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Darwin Correspondence Project

To J. S. Henslow   17 November [1854]

Down Farnborough Kent

Nov. 17th.

My dear Henslow

The next time you go to Ipswich & meet Dr. Clarke, the Editor of the Voyage of the Favourite,1 which was dedicated to you, I want you much to ask Dr. Clarke to ask the Sailor-author2 (I forget his name this minute) whether he has a distinct remembrance of having seen at Kerguelen Land,3 any drift sticks or timber thrown up by the sea.—

Please observe I do not want you to take the trouble to write about it, for any time wd. do for me. The reason I want to know, is, because Hooker’s case of the several Kerguelen L. plants identical or closely allied to those of T. del Fuego,4 strikes me as the greatest anomaly known in the distribution of beings over the whole world; & therefore I am very curious to know, whether there is any conceivable (however improbable) means of their introduction by sea-currents.—

With this object, I know you will forgive me troubling you.—

I was exceedingly glad to hear a pretty good account of you from the Hookers who were here a short time since, & whose visit we enjoyed extremely

Most truly yours | C. Darwin

Footnotes

William Barnard Clarke was the editor of Nunn 1850, a book that CD had borrowed from Joseph Dalton Hooker (see letter to J. D. Hooker, 7 September [1854]).
John Nunn.
Also known as Desolation Island, on which John Nunn was shipwrecked.
J. D. Hooker 1844–7, pt 2: 209–10: It may appear paradoxical, at first sight, to associate the plants of Kerguelen’s Land with those of Fuegia, separated by 140 degrees of longitude, rather than with those of Lord Auckland’s group, which is nearer by about 50 degrees. But the features of the Flora of Kerguelen’s Land are similar to, and many of the species identical with, those of the American continent, constraining me to follow the law of botanical affinity in preference to that of geographical position. In CD’s copy in the Darwin Library–CUL, the passage is scored in pencil and with a brown crayon cross. In an undated note in DAR 205.4 (Letters), CD recorded: ‘Mr. Hooker says the Flora of I. Desolation or Kerguelen is S. American.— a new Chionis & nocturnal Petrel—plenty of marine animals in 72o S. at great depths—Vegetation of Ld Auckland Isd like New Zealand subtropical’.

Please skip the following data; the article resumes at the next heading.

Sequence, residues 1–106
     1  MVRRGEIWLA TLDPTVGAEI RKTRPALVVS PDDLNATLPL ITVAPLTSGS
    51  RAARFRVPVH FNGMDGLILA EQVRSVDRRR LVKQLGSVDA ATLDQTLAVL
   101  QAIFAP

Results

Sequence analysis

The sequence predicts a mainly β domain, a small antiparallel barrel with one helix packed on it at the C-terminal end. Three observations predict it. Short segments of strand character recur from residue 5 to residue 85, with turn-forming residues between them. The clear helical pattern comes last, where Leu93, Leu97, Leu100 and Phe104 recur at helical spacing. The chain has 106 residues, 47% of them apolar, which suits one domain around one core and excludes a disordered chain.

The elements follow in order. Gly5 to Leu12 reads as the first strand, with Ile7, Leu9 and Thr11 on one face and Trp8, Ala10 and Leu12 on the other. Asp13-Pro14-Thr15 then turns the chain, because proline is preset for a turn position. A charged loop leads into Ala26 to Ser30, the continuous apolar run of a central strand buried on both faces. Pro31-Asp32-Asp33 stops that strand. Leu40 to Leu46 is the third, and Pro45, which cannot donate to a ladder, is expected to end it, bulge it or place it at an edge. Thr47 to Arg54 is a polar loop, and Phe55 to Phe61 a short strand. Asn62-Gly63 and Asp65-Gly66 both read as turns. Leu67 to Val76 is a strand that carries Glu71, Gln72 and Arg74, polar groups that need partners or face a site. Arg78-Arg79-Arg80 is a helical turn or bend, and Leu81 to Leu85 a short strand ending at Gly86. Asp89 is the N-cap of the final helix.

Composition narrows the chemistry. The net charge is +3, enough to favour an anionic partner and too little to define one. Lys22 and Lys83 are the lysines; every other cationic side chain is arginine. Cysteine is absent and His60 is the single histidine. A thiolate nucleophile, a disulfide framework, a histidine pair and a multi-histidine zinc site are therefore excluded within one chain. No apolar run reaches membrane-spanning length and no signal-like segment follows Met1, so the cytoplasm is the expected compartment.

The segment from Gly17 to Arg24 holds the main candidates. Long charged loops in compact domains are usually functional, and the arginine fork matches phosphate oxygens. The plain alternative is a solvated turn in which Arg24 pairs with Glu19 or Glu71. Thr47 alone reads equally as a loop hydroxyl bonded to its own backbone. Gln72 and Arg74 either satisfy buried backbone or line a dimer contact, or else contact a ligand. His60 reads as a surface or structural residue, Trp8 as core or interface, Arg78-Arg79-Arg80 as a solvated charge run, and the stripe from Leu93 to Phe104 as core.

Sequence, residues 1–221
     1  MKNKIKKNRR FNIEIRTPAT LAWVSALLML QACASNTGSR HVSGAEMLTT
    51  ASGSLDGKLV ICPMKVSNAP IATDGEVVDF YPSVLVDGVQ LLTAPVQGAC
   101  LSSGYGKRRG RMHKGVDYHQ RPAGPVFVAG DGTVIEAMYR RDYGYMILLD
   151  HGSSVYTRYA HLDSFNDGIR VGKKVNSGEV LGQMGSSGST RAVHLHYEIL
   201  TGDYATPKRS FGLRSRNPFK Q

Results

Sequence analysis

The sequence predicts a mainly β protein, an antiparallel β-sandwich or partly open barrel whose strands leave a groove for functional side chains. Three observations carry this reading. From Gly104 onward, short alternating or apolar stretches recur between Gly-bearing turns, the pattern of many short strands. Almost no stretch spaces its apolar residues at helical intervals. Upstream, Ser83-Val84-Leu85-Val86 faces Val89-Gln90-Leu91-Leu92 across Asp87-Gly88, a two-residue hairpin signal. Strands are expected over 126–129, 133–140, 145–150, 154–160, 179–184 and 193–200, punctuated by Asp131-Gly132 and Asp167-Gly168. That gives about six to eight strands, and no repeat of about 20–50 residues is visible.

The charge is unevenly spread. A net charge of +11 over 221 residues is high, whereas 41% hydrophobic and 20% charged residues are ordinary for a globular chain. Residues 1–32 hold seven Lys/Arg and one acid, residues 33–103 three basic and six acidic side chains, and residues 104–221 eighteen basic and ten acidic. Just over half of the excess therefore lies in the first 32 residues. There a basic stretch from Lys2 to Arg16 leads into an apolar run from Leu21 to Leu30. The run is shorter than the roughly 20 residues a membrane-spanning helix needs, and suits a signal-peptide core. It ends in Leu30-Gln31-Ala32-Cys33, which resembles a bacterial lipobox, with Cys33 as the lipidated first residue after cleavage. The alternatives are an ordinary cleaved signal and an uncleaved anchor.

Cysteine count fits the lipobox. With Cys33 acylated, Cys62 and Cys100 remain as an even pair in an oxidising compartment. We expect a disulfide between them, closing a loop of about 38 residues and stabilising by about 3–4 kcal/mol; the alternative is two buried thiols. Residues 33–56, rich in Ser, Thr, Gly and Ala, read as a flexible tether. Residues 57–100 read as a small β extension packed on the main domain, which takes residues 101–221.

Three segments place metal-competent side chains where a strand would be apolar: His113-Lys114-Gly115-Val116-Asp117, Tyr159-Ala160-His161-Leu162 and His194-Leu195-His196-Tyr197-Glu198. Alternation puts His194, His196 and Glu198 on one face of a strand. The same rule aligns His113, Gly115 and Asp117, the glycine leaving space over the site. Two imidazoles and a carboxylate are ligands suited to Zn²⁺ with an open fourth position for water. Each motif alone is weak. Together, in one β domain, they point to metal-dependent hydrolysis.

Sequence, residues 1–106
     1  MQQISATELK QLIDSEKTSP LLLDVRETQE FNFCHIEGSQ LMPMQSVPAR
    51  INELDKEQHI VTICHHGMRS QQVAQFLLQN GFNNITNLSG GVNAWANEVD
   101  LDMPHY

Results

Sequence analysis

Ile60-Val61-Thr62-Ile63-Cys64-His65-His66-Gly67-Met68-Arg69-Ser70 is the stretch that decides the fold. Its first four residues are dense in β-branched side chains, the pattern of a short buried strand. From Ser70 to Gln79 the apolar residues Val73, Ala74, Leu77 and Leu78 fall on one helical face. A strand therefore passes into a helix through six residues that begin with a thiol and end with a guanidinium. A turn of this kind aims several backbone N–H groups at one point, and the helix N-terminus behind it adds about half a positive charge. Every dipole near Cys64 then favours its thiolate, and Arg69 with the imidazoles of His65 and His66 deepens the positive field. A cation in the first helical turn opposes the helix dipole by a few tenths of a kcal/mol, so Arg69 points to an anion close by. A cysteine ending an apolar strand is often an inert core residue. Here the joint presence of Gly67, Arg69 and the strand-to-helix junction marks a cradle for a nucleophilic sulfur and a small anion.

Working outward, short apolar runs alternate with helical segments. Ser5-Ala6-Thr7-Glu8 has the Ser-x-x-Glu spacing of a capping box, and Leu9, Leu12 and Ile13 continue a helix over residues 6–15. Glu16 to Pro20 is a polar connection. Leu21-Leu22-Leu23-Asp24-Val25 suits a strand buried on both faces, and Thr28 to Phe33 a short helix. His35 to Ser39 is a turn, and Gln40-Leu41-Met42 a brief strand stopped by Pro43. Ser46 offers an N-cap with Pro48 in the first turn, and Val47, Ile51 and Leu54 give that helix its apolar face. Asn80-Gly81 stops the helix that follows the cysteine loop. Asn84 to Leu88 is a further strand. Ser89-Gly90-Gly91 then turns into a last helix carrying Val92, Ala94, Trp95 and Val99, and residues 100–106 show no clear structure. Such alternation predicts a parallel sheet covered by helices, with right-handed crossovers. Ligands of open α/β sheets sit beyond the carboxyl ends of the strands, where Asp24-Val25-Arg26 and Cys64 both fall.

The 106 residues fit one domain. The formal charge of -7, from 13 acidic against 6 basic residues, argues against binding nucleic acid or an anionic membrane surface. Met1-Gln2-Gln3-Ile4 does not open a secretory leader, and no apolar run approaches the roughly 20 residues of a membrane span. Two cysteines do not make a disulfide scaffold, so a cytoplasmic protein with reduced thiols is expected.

Bibliography

Hooker, Joseph Dalton. 1844–7. Flora Antarctica. 1 vol. and 1 vol. of plates. Pt 1 of The botany of the Antarctic voyage of HM discovery ships Erebus and Terror in the years 1839–1843, under the command of Captain Sir James Clark Ross. London: Reeve Brothers.

Nunn, John. 1850. Narrative of the wreck of the ‘Favorite’ on the island of Desolation: detailing the adventures, sufferings, and privations of John Nunn. Edited by W. B. Clarke. London: William Edward Painter.

Summary

Asks JSH to inquire about drift-wood at Kerguelen Land.

Hooker’s observation on similarity of Kerguelen plant species to those of Tierra del Fuego strikes CD as a great anomaly, so he is searching for an answer, "however improbable".

Letter details

Letter no.
DCP-LETT-1602
From
Charles Robert Darwin
To
John Stevens Henslow
Sent from
Down
Source of text
American Philosophical Society (Mss.B.D25.109)
Physical description
4pp

Please cite as

Darwin Correspondence Project, “Letter no. 1602,” accessed on 19 November 2019, https://www.darwinproject.ac.uk/letter/DCP-LETT-1602.xml

Also published in The Correspondence of Charles Darwin, vol. 5

letter